Recently, Texans lost an hour that we won’t get back till November due to Daylight Savings Time. Many of you reading this may still be feeling the effects of losing that time. Unfortunately, while we’re all adjusting, it could lead to increased drowsiness and additional hazards on the road.
The problem of drowsy driving, unfortunately, is not limited to daylight savings. In 2015 alone, drowsy driving was implicated as the cause of as many as 90,000 crashes, which injured at least 41,000 people and caused over 800 deaths. The NHTSA warns that these numbers could be higher given that many other incidences of drowsy driving crashes were likely never reported.
Between 1998 and 2008, (according to information by the AAA Foundation) drowsy driving may have been to blame for:
- 7% of all collisions in which an automobile had to be towed away from the scene of an accident
- 13% of vehicular crashes that ended with at least one hospitalized person
- 17% of all vehicular fatalities
Drowsy Driving Is Worst in Texas
Sadly, data from the CDC, NHTSA, AAA and other sources shows that fatal drowsy driver crashes are most prevalent right here in Texas. One comprehensive study found that the highest number of drowsy driving fatalities in 2015 occurred in Texas.
To better understand how serious this is, consider the following: the state with the most drowsy driving fatalities was Texas, with 159 fatalities. The state with the second highest number of fatalities? Alabama – with 43!
In 2017, drowsy drivers caused over 9,700 crashes in the Lone Star State. This an average of more than 26 crashes every day! Figures from the Texas Department of Transportation indicate that sleep-related incidences that year included 1,643 non-life-threatening crashes, 160 fatal crashes, and 582 possibly-serious crashes.
Why Do So Many Texas Drivers Get Behind the Wheel While Drowsy?
Some people refer to drowsy driving as driver fatigue. This is because drowsy driving mostly happens when a driver is so tired that he or she isn’t capable of operating a motor vehicle safely. A tired driver inadvertently puts him or herself, his or her passengers, pedestrians, and other road users in danger.
Common situations that may result in drowsy driving include the following.
- Inadequate sleep, or sleep that’s interrupted or fragmented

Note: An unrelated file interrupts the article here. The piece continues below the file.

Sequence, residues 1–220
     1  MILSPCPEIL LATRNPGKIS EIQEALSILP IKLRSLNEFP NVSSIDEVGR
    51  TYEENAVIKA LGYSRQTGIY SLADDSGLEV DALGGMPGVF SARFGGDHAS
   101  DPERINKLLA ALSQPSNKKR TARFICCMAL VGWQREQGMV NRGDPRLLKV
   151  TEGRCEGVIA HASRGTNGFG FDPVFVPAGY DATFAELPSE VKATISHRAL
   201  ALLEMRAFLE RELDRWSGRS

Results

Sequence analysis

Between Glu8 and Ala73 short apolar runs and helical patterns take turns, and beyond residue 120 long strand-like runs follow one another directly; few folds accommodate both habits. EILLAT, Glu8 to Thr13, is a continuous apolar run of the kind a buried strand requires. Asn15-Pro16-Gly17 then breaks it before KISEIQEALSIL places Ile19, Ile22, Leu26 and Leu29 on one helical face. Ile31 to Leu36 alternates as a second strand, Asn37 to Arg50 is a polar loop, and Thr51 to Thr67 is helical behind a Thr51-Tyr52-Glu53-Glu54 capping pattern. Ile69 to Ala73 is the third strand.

- Those with sleep disorders, including narcolepsy and chronic insomnia
- Disruptions in one’s sleep pattern and/or circadian rhythm
- Medications, especially sedatives and hypnotics
- Taking alcohol and narcotic drugs
- Prolonged driving without getting sufficient rest and sleep
One NBC report states that in Texas, drowsy driving fatalities are 6.8 times more likely to happen in rural locations than in urban locations. Some people have often argued that this might be due to highway hypnosis, which may cause a driver to zone out for miles while driving.
Anyone Can Be A Drowsy Driver in Texas
Sleep deprivation is quite a common problem for adults living in the US. You probably can’t remember when you last went to bed early, had a good night’s rest, and woke up thoroughly refreshed and eager to take on your day.
In fact, DrowsyDriving.org reports that in 2005 about 60% of the American population admitted to having been behind the wheel while drowsy. The CDC adds that 1 in 25 adult drivers may have fallen asleep at the wheel in the last 30 days.
It might seem like nothing much, but missing an hour or two of sleep can have a significant impact on your driving performance and may increase your chances of causing a car accident.
You’re at an even higher risk of drowsy driving if you:
- Are a commercial driver operating heavy vehicles such as trucks, buses, and tractor trailers
- Are a shift worker who works for long shifts or takes night shifts
- Have an untreated sleep disorder (e.g., sleep apnea)
- Are on medication that causes drowsiness
- Are fatigued or sleep deprived
- Live in a household where there’s a young child who keeps you up at night
- Are driving alone on a long, boring, rural road – especially if it’s dark
Consequences of Drowsy Driving in Texas
The CDC warns that drowsy driving can be just as dangerous as drunk driving. Studies have proven that:
- Being sleep deprived for 18 hours creates an effect similar to that of an individual with a BAC of 0.05%
- Sleep deprivation for 24 hours has a similar effect to that of a person with a BAC of 0.10% (the legal limit is 0.08%)
- Being drowsy will also amplify the effects of even very low amounts of alcohol
Generally, being drowsy will impair your driving in the following ways:
- Your reaction time will be slowed
- Your attention to the road will be compromised
- Your judgment on the road will also be compromised
Even if you are not part of the drowsy-driving problem, that doesn’t mean you can’t be affected by it. If you believed that a fatigued driver caused you to get seriously injured in an accident, you owe it to yourself, your loved ones, and others on the road to fight back and raise awareness about this issue.
About the Author:
Brandon Fulgham has an in-depth understanding of both Texas law and Texans themselves. Before practicing law here, he received his undergraduate degree from TCU, and his law degree from South Texas College of Law in Houston. After graduation, he worked in District Attorneys’ offices as a prosecutor. Now, he uses that knowledge to anticipate opposing counsel’s arguments and protect the rights of people in and around Fort Worth. He has been recognized for his work by The National Trial Lawyers, Fort Worth Magazine, and others.